We also went to Kaziranga, the Sunderbans, Hemis in Ladakh and Pakke in Arunachal Pradesh. We also went to a part in north Bengal near Chalsa known for massive conflicts. Elephants stray from the Gorumara sanctuary in October-November, raid the paddy fields, destroy crops and sometimes kill people. Elephants have also been killed here by mobs. The forest department has three or four flying squads there whose job is to push back the tuskers into the forest. They are the wall between the elephants and people. They have to do this every night from September to December. We accompanied them as they went on these raids. It’s pitch dark and an elephant might knock you over from behind. There were amazing scenes — a hundred people with burning torches chasing an elephant. We had thermal cameras which pick up heat patterns of the body in the dark from as far as 60-70ft away.

A crocodile being trapped in the episode on the Andamans
A crocodile being trapped in the episode on the Andamans (Picture sourced by correspondent)
Baby elephants being fed by keepers at Kaziranga National Park
Baby elephants being fed by keepers at Kaziranga National Park (Picture sourced by correspondent)

Were you worried about the flood in Kaziranga?

To the layperson, Kaziranga flood is very damaging, which it is. You see the animals being killed. But you should remember that it’s a grassland ecosystem. Every time the Brahmaputra swells and inundates the park, the grass receives nutrients. The grassland needs it to sustain itself. It’s a natural ecological system. But every other year, there is massive amount of water and the deaths are higher.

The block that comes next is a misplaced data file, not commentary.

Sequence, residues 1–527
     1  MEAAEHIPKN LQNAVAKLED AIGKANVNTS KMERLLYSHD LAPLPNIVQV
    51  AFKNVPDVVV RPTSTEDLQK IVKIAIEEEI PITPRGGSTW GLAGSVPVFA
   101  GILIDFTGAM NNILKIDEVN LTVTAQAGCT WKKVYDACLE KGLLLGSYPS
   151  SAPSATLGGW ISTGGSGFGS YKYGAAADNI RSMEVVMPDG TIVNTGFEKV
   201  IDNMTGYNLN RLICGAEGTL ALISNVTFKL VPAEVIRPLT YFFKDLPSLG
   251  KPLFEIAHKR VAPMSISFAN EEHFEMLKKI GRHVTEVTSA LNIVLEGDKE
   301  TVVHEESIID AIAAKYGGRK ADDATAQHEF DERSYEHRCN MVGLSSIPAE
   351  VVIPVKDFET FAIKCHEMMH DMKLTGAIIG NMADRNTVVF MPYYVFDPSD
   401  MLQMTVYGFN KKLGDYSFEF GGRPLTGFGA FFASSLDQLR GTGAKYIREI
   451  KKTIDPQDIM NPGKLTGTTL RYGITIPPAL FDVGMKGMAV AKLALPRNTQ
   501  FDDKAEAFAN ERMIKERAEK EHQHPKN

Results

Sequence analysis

Your film The Tiger Who Crossed the Line has premiered earlier on Discovery. What was that on?

It is about what happens to tigers which stray outside the jungle — a pretty unusual subject. It got the National Award.

You also run a trust for children. What kind of work does it do?

We have two wings — Earthcare Productions, through which we made this film, and Earthcare Outreach Trust, a non-profit. We work with young adults in villages. We teach them film-making and let them make films on issues close to their hearts.

Finally, is it a good time or a bad time for conservation in India?

Our wildlife has done well. Our forests are still intact. There have been development issues on the periphery but there is a lot of consciousness. Laws are very powerful now. I remember in 1995 when I was making a film in Bhuj, a cement company in Gujarat wanted a part of the (Narayan Sarovar) sanctuary denotified. They quietly went about it and got the bill passed in the Assembly. But the media got to know and the activists raised a massive hue and cry. I made a film. The matter reached court and the cement plant never got built. But now it is no longer possible to do such things secretly.

The tiger population has increased in the last 10 years. We have seven per cent of the world’s biodiversity despite having 1.2 billion people. People’s tolerance towards wildlife is very high in India. In America, if they see a puma within three miles of their backyard they shoot. Stray cases of lynching do get highlighted in the media but they are small in number compared to the frequency of man-animal conflicts.